Soccer:  A team sport for men and women

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IN the past, soccer and other sports were usually dominated by men, but this is no longer true today as pointed out by Koo Luam Khen, Taketomo Suzuki and Angie Ito in episode 7 of “Footcast with Norman Del Rosario” on Saturday.

 They said before the NMI Women's National Soccer Team could earn its first international victory, it had to start off from the ground. NMI Football Association team manager Angie Ito said she was introduced to soccer in 2010. As a player, Ito first joined a co-ed team and, later, one of the island’s powerhouse teams, Shirley's Football Club. After getting involved with the NMIFA, she helped manage several teams and, in 2012, she officially became a team manager.

“In 2012 for the [East Asian Football Federation] Round 1 tournament on Guam, we needed to form a team, but we didn’t have a lot of players,” Ito said. The challenge further motivated her.

Coaches Taketomo Suzuki and Koo Luam Khen also helped soccer grow in the NMI. “When I first came to Saipan everything was a big surprise,” Koo Luam Khen said. “I have not experienced or thought of coming to practice in jean shorts, or basketball shoes. It was different.”

 

 Angie Ito, right, coaches her team during the National Elite Academy Cup Spring 2017 at the Hopwood soccer field. Contributed photo

 

Despite the challenges, the coaches never gave up on their primary goal: to improve the sport of soccer in the NMI, including for women. 

“I was influenced by twin brothers Jerry and Raymond Tan [of Tan Holdings] who gave me enough time to improve soccer in the NMI,” Koo Luam Khen said.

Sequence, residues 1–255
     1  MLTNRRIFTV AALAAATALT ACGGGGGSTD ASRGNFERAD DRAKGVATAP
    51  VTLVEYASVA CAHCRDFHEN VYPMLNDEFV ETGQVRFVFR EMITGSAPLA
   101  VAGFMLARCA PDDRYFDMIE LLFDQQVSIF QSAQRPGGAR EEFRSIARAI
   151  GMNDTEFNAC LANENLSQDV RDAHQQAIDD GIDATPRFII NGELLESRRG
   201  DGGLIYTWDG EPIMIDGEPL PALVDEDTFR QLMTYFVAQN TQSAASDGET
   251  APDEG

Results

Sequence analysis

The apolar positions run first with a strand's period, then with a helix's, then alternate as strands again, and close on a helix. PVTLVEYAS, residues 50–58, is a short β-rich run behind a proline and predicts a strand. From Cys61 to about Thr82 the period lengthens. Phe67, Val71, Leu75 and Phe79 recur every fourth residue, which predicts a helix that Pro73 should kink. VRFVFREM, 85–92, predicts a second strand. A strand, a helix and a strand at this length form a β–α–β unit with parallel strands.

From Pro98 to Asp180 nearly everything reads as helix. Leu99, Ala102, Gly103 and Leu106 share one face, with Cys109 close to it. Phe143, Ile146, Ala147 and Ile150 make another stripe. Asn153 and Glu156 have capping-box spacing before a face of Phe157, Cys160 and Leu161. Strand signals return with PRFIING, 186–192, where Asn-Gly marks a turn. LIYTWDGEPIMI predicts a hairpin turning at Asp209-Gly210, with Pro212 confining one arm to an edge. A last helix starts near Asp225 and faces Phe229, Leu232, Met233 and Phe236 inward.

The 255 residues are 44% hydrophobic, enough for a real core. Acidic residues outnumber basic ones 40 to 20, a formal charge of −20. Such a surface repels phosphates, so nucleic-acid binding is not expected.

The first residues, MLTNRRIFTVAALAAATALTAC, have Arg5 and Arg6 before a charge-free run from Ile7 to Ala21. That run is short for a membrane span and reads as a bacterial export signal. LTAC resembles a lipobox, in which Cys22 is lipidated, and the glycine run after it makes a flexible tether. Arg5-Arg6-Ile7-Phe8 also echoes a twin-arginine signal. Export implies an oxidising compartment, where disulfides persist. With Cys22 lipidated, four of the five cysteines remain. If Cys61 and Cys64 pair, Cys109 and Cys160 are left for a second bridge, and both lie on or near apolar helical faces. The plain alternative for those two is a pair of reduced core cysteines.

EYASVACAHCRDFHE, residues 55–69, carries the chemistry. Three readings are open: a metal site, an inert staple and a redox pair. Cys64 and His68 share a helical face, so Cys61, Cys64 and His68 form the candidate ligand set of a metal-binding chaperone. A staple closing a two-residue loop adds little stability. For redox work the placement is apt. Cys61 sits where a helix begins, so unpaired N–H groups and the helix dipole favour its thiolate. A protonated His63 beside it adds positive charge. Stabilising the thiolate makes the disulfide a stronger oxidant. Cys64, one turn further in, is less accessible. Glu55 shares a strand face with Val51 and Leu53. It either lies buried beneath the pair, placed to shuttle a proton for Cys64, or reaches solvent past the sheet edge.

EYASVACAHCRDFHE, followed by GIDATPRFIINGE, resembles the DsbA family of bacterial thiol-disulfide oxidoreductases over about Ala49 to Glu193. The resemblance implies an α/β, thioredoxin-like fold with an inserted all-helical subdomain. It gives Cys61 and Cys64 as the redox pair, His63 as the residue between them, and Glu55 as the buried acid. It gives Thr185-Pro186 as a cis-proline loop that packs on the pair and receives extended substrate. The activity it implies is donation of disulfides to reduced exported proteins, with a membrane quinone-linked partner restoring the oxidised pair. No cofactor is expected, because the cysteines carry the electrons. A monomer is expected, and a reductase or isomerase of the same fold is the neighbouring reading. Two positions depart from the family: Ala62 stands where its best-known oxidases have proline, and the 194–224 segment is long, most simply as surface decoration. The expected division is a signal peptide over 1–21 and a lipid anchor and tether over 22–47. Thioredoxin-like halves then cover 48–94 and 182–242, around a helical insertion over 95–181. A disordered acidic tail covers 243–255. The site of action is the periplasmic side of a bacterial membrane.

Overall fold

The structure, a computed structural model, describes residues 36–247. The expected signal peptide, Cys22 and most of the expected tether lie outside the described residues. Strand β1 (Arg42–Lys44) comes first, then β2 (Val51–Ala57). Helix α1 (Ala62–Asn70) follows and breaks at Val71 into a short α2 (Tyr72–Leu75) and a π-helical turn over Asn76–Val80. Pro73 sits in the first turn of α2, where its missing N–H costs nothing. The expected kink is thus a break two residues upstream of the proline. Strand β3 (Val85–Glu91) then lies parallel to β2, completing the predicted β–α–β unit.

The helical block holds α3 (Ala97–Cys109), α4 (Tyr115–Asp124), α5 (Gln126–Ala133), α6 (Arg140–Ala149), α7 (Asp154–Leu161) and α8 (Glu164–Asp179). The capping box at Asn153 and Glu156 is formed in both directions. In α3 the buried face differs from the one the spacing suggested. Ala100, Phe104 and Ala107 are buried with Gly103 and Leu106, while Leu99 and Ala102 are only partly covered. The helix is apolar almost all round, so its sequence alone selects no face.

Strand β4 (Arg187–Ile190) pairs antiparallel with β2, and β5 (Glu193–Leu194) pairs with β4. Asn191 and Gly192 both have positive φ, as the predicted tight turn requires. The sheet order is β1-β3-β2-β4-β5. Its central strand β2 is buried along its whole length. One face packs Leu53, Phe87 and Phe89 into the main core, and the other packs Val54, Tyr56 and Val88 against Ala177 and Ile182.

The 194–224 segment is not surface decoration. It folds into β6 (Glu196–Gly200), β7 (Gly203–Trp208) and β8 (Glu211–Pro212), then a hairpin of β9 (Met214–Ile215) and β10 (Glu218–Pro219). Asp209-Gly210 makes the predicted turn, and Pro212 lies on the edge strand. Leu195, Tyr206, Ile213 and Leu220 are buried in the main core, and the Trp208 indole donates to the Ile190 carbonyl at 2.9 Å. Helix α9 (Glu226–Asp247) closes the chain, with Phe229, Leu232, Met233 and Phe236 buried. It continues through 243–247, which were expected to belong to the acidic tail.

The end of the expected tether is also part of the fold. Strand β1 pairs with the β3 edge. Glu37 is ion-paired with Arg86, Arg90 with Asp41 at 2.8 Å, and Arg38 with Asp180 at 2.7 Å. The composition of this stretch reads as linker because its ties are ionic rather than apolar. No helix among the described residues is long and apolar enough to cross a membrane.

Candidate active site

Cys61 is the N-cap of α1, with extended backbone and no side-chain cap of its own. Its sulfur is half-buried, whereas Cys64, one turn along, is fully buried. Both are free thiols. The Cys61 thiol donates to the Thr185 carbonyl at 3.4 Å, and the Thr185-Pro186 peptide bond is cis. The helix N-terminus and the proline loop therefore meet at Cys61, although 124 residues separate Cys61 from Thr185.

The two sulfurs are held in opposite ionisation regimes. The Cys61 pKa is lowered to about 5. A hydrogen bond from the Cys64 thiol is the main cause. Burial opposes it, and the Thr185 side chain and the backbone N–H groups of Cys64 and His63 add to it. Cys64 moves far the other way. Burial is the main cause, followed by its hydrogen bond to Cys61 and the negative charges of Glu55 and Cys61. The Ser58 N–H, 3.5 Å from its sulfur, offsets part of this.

Taketomo Suzuki said, “[I] enjoyed the fact that I could do something to help develop the love for football in the NMI. Football makes you a better person. It's a team sport, so you need to cooperate, help each other, on and off the pitch. Cooperation is a part of life and very useful if you want to be successful in life.”

And now with more women becoming athletes, Angie Ito said: “It's a big deal for us — too see females being able to do what guys can do.” As for soccer, she said, “It's a long-term investment — the older you are the more you understand how important soccer could be. I feel it is really important physically, emotionally and mentally.”

Koo Luam Khen does not think women's sports are any different from men’s. “There are many professional players in so many countries that are women. If you’re an athlete, you have to work hard when you’re aiming for your goal and it makes no difference if you’re  a man or a woman.”

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